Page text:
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Best of 2013: Scott's Enterprise Florida Trophy Lacks Luster


Enterprise Florida has more sink than swim and losses over wins, yet the governor continues to parade it as a victory trophy. What's really going on? Is this glitterati drowning out the sucking sound of fleecing at a grandiose scale? Because when we take away the hype, we find that our wallets are only getting lighter. 

In a recent speech given at Benderson Park, in Sarasota, Florida Governor Rick Scott said, "This is the best vacation spot, in the best state, in the best country in the whole world!" If so, why does the state have to pay corporations to operate here? 

Last December, The New York Times reported that Florida spends $4 billion annually through economic development groups on incentive packages with hopes to lure business to the state. Critics claim these programs are really just a "red herring," there to funnel taxpayer funds to special-interests with little to no oversight.

For the last two years, Scott has paraded his Enterprise Florida recipe-for-success as if it were the end-all to the state's economic woes, but critics point out that EFI victories are few and far between. 

The Enterprise Florida Inc. (EFI) partnerships, Scott speaks of --  everywhere he goes -- are partnerships; very skewed ones. According to an Integrity Florida/Americans for Prosperity Florida report, EFI's annual budget is $18.1 million, and corporations contribute less than 15 percent of that cost, while public funds pick up the balance.

For the fiscal 2014 budget, Scott wanted to expand the amount of funds available for partnerships to almost $300 million; but the legislature held investments into economic partnerships for FY 2014 down to $106.6 million.   

Florida's Governor has managed to disregard the mounting number of Public/Private endeavors that have failed -- never meeting the job creation objectives -- and the Governor never mentions how much those investments have cost the public.

- Banah International Group, a sugar company that received a $430,000 incentive package to move operations to Miami Dade county, went bankrupt one year after their agreement. Officials later found Alexander Perez, Banah's chairman, had served four years in federal prison for cocaine trafficking. 

- In Florida's panhandle, Redpine Healthcare Technologies shut down just months after receiving $750,000 in incentives. They were supposed to create 410 jobs, averaging $49,155 a year.

- Piper Aircraft in Vero Beach and MetLife in Tampa are still more examples of companies not making their job mark, yet keeping the money. Between 2007 and 2011, Enterprise Florida reported that the state gave out just shy of $200 million in up-front incentives.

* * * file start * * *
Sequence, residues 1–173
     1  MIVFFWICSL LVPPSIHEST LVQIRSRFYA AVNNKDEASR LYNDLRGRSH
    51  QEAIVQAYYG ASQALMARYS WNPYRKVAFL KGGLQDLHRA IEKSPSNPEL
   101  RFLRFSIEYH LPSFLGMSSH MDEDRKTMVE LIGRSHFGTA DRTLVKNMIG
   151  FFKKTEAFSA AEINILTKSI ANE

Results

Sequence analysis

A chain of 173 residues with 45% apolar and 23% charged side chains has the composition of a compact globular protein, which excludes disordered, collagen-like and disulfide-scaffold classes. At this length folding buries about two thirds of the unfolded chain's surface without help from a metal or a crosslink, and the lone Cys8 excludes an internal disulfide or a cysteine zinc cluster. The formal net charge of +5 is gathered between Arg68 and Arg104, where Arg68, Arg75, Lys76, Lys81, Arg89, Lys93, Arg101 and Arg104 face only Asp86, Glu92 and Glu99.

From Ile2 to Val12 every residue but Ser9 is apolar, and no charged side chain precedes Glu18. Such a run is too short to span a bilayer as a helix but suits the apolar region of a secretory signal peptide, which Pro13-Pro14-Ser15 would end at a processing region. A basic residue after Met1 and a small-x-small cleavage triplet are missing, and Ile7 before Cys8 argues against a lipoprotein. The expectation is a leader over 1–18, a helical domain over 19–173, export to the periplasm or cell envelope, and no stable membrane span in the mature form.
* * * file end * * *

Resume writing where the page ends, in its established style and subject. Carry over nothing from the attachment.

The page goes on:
In Sarasota, all you have to say is, "Sanborn Studios" to understand just how costly and hollow public/private partnerships can be. 

Integrity Florida reviewed the Florida's Department of Economic Opportunity (DEO) portal on Aug. 26, and found only 10 companies with incentive agreements negotiated by Enterprise Florida since Gov. Scott took office, that have created confirmed jobs.

State Rep. Mike Fasano, R-New Port Richey was reported by the Tampa Bay Business Journal as saying, “These companies base their expansions on geography, on community, on education, transportation and infrastructure, not on tax giveaways," and a growing number of state lawmakers agree.

According to the Integrity Florida report, a total of 545 jobs from 10 companies based on the confirmed performance to date reported on the DEO incentives portal out of 251 projects with agreements signed on or after January 4, 2011, when Rick Scott was sworn in as governor of Florida.

Additionally in the Integrity Florida report, were a list of confirmed layoffs reported to DEO through WARN notices since Gov. Scott took office:

- 17,572 layoffs in 2011

- 17,823 layoffs in 2012

-  9,637 layoffs in 2013

Critics of EFI claim they are no more than a pay-to-play proposition. This perception is supported by EFI's request that corporate heads, who seek a seat on the Board of Directors, donate at least $50,000 a year to sit at the table.

Board members are not restricted from forming alliances, voting for each others partnership contracts, projects or investments; and often end up securing incentive grants for their own companies or ones they are closely connected to. 

Unlike most state business arrangements, EFI contracts aren't subject to strict Sunshine Laws, conflict of interest rules or prevented from partaking in closed-door-agreements. 

Accusations to "conflict of interest" are supported by the extraordinary bonuses given to EFI staff.

The Tampa Bay Times recently reported, Gray Swoope, CEO and President of Enterprise Florida, received a $70,000 bonus for his second year in a row, adding that the board also signed off on more than $630,000 in bonuses for other agency employees. 

That looks a lot like pals rewarding pals based on who they picked for rewards -- only it's the public that picks up the tab.

Dan Krassner, executive director of the Integrity Florida group says, "The public should be concerned about a taxpayer-funded entity handing out huge bonuses without accountability for results."


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